My Mother (Extract)
I am peeling shrimp for my mother. Most likely, she'll refuse
them. She eats nothing at the
Mother Cabrini Hospice
where she is dying
of cancer. Three months ago, the doctors gave her three months to live;
it is clear to me that she has no intention of dying yet, as if hanging
on were a matter of spiteful retaliation. She complains all the time in
a whiny French voice, especially when attendants are hovering near her
bed. Each time the dietician asks her what she'd like, my mother
answers, 'Chinese shrimp with vegetables,' as if she's in Chinatown. I
have finally found the time to prepare this fantasy dish in my own
kitchen, convinced that the greasy version from a restaurant will kill
her. Perhaps I should have gone for the take-out.
I visit her every afternoon. When I come in, she is usually asleep, or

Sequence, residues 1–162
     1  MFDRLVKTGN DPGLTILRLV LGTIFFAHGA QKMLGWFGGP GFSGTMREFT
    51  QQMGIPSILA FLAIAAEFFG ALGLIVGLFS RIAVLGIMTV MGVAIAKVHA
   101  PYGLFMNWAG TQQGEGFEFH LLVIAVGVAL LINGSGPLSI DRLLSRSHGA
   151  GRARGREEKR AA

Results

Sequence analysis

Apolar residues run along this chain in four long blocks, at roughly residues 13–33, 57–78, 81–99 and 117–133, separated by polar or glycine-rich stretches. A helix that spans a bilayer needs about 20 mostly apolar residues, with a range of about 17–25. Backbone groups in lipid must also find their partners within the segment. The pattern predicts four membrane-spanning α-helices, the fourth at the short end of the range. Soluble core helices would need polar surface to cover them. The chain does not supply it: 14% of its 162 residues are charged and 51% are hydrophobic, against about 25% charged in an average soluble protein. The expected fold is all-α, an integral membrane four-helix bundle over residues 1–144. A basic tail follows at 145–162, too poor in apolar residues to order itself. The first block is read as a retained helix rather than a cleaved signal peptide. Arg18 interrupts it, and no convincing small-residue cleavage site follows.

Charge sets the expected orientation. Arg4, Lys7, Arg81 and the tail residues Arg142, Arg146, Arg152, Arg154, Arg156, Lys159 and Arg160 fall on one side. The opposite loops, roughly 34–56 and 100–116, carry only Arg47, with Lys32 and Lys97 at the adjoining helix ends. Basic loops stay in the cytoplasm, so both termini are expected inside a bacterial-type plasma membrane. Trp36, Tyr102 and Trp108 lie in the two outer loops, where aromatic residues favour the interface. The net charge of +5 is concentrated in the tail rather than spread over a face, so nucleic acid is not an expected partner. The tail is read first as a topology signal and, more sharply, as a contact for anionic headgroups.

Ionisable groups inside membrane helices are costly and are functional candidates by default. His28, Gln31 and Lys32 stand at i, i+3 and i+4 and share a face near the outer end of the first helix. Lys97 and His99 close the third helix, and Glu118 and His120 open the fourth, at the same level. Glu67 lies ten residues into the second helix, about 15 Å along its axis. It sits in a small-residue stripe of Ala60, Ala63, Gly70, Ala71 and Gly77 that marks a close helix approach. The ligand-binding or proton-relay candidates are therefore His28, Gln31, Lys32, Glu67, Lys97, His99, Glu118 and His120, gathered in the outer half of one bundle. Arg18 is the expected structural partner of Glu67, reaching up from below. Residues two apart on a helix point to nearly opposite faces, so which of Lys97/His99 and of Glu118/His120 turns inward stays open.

at least pretends to be. The television is always on, with the sound
turned off. She lies still, her face turned toward the television, her
eyes closed. The skin of her face is very taut. Her head looks like a
skull with an immense forehead because her hair is pushed all the way
up. I sit on a dark brown leatherette chair and wait for her to wake up.
Her hands, with their perfectly manicured nails, lie still beside her
thighs. She was always proud of her long-fingered, elegant hands. Mine
show the signs of washing, cooking, and gardening: short, jagged nails;
swollen knuckles; heavy cuticle moons. I used to be very jealous of her
hands, but I've since found revenge through my three daughters, who have
magnificent hands. The Haitian nurse comes in to look at her, checks her
breathing, and leaves. When my mother is awake, she tells me — in
French — how vulgar she finds the nurse's nails, which are very long
and airbrushed with intricate designs and sprays of glitter. Once a week
I bring the nurse chocolate to appease my guilt, and to make sure my
mother doesn't receive retaliation in the guise of care.
My mother wakes up and looks at me. She is silent and unsmiling.
'I brought you some Chinese shrimp. You want to try some?' I say. She
continues to stare at me in silence.
'What time is it?' she asks suddenly, minutes later.
'Half past five. Do you want to try to eat? The shrimps? They're still